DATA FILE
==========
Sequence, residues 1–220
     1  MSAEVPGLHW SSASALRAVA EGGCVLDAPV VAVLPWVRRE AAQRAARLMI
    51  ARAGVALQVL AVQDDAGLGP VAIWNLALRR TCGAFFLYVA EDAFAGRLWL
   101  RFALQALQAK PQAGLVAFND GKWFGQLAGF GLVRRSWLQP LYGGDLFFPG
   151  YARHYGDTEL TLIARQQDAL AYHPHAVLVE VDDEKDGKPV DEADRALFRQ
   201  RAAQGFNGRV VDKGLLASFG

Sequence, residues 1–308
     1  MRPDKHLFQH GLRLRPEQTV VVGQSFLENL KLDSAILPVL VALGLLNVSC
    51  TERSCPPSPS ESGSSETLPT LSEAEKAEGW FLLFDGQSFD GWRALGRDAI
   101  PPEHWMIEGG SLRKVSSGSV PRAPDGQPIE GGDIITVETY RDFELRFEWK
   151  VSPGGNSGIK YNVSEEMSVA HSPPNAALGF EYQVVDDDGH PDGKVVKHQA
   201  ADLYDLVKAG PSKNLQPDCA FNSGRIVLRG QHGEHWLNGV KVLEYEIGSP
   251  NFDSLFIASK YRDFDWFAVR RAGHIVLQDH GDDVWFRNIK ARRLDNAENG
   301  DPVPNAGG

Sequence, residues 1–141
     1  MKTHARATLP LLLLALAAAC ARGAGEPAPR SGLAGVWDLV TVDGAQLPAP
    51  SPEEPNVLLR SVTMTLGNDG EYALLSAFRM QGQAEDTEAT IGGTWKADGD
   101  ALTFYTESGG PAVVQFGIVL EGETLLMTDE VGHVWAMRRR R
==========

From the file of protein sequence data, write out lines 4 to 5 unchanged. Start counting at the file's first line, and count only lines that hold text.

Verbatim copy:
   101  RFALQALQAK PQAGLVAFND GKWFGQLAGF GLVRRSWLQP LYGGDLFFPG
   151  YARHYGDTEL TLIARQQDAL AYHPHAVLVE VDDEKDGKPV DEADRALFRQ